The digital world is opening a world of possibilities in communications, in the economy and in personal relations. Even twenty years ago, only a few visionaries would have guessed how naturally we would come to terms with this world. The Internet and its associated technologies allows us to communicate with an ease unprecedented in history: to spread ideas, share information, offer help, resolve problems, get to know people with similar interests, develop business projects…
But this digital revolution often seems to be going faster than we can properly take in, and to be taking place in a fragile cultural context, one marked by fragmentation and the lack of a clear vision of what it means to be human. There is scepticism regarding the possibility of discovering any universal human values; a matter-of-fact acceptance of the notion that cultural differences seem to be insuperable, in spite of our noble desires for world peace; the conviction that the human being has an unlimited capacity for self-reinvention, and that everything that is technologically possible is, for that very reason, desirable: this is the shifting ground of postmodernity, which places its trust in the new technologies in the hope that they will lead to the much-needed terra firma of a truly human world. But technology alone, with all its advantages and benefits, has no power to tell us what are the signs of human identity.
Human identity is linked not simply to the preservation of the individual and collective memory, but rather—above all—to the possibility of conceiving one’s own existence as a meaningful history, a narrative that does not dissolve into absurdity, into a mere collection of fragments of happiness, a frenetic succession of fleeting relations, or a “progress” with no clear direction other than progress itself. Identity is forged in the continuity of a conversation open to ourselves, to others, and to reality; in the determination to discover the roots of a genuine human ecology and to develop our own lives in consequence.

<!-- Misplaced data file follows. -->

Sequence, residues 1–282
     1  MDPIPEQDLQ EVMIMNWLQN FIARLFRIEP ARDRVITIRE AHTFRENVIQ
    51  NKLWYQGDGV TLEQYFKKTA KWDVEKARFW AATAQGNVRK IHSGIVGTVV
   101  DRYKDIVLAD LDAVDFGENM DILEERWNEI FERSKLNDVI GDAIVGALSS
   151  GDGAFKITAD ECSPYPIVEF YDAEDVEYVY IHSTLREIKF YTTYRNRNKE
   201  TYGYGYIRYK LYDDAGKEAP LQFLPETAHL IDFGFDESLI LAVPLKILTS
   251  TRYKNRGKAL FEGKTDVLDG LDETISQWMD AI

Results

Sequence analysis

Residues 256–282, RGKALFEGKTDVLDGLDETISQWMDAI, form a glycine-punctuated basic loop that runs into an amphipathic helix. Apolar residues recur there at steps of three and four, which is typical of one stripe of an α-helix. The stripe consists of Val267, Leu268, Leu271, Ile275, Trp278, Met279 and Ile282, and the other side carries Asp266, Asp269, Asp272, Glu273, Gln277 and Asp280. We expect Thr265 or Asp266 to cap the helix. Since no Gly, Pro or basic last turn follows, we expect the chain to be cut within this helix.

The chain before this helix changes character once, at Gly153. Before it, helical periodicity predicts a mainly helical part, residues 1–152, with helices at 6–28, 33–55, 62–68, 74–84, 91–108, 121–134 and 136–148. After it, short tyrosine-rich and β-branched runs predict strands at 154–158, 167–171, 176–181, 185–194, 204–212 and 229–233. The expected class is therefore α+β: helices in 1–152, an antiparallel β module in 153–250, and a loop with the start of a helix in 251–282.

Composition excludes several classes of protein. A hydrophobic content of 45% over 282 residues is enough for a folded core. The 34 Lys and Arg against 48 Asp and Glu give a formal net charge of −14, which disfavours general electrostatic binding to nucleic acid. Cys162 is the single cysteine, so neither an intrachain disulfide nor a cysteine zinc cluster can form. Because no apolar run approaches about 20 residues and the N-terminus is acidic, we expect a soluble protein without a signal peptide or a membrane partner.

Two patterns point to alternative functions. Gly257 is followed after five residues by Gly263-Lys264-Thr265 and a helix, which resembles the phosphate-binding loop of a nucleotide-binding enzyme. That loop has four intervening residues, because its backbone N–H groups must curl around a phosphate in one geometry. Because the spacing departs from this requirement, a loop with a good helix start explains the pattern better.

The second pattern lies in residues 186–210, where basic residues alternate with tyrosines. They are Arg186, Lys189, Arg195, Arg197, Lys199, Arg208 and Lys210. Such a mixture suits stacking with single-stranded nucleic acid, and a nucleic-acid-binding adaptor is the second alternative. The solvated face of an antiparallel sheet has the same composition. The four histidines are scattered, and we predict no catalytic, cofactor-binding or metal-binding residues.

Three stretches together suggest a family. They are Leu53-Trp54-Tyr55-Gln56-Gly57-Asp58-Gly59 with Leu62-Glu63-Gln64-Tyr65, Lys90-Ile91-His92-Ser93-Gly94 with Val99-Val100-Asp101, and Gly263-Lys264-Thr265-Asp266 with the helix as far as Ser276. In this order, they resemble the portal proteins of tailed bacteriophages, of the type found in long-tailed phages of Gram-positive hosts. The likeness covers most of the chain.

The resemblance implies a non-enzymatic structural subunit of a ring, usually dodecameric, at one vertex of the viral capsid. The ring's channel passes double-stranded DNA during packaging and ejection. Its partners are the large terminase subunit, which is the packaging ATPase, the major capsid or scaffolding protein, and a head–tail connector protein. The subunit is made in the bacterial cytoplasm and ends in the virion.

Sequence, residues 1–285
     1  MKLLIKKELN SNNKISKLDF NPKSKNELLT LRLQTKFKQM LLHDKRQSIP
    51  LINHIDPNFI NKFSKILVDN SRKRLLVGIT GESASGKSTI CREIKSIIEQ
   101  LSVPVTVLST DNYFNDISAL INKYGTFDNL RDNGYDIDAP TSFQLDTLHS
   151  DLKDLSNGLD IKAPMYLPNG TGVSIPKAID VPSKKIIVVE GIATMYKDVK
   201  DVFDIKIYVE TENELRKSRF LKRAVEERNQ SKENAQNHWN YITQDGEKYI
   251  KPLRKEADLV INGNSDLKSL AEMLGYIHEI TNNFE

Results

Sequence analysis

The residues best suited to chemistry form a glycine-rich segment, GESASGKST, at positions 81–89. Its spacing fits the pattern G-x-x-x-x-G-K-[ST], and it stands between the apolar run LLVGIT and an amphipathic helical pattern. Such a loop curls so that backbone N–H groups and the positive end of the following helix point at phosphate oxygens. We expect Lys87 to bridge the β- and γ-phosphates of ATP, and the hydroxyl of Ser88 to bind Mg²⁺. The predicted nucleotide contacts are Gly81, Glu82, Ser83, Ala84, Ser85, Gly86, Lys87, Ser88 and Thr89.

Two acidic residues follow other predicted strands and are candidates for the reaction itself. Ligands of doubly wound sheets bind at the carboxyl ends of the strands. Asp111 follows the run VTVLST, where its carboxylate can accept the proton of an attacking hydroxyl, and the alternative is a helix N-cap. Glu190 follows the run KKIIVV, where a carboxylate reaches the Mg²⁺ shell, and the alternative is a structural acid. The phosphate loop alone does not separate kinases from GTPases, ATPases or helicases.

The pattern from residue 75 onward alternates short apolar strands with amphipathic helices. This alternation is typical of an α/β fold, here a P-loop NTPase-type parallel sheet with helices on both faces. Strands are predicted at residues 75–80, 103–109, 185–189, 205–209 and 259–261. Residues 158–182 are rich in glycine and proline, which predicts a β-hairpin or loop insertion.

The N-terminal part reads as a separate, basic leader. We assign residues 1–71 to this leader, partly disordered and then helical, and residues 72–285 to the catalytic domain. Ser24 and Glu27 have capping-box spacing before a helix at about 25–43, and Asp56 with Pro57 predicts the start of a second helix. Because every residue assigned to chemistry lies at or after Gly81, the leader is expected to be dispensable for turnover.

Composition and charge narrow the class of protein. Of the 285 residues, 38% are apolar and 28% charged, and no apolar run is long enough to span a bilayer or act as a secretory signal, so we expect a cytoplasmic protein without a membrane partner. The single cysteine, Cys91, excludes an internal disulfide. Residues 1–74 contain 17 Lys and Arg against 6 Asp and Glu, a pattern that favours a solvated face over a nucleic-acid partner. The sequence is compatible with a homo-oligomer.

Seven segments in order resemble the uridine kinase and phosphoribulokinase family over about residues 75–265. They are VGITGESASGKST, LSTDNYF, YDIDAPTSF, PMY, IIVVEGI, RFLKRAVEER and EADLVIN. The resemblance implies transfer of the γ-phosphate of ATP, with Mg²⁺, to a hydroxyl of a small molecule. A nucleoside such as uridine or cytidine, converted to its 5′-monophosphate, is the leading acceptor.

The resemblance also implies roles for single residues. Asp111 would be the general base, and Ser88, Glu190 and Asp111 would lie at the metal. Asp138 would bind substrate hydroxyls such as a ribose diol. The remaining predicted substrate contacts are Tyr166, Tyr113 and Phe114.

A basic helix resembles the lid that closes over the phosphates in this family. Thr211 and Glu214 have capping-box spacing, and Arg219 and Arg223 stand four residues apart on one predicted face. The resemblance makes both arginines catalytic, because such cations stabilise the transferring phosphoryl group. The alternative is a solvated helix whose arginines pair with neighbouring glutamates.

The demands of constant connection and instant information; a de-localization which allows us to do different things in different places simultaneously; the creation of complete parallel virtual worlds, with their own laws: all this brings with it the risk of de-personalizing human relationships, if it means that we are always “elsewhere”. As Benedict XVI has pointed out, if the desire for virtual connection becomes an obsession, “the person becomes isolated, and his real social interaction is interrupted. This also ends up by changing the rhythms of rest, silence and reflection which are necessary for healthy human development.”
The challenge is all the more urgent, then, to think in an interdisciplinary fashion about how we can preserve a time and a space of human dimensions in which people can put down roots, and from which they can build human worlds in all fields of social life: in the economy, in architecture, in education, in entertainment, in communications, in politics… In a society that appears to dissolve ever more into an overwhelming choice of possibilities, we need to rediscover its origins, the reality that is our home and that we can never renounce.